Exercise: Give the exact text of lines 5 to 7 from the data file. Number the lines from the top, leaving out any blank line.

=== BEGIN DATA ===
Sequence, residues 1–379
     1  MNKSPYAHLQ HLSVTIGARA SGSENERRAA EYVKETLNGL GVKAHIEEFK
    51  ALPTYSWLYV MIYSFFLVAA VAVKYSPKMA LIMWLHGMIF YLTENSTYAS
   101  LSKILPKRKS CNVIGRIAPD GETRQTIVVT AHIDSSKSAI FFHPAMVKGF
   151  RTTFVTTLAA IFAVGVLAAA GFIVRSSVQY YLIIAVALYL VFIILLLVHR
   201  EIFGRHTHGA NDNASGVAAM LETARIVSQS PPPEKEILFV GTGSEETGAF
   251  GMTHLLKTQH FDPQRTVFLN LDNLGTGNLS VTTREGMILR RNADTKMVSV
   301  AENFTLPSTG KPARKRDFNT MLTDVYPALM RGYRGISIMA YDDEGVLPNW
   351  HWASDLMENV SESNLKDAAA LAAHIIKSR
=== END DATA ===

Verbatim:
   151  RTTFVTTLAA IFAVGVLAAA GFIVRSSVQY YLIIAVALYL VFIILLLVHR
   201  EIFGRHTHGA NDNASGVAAM LETARIVSQS PPPEKEILFV GTGSEETGAF
   251  GMTHLLKTQH FDPQRTVFLN LDNLGTGNLS VTTREGMILR RNADTKMVSV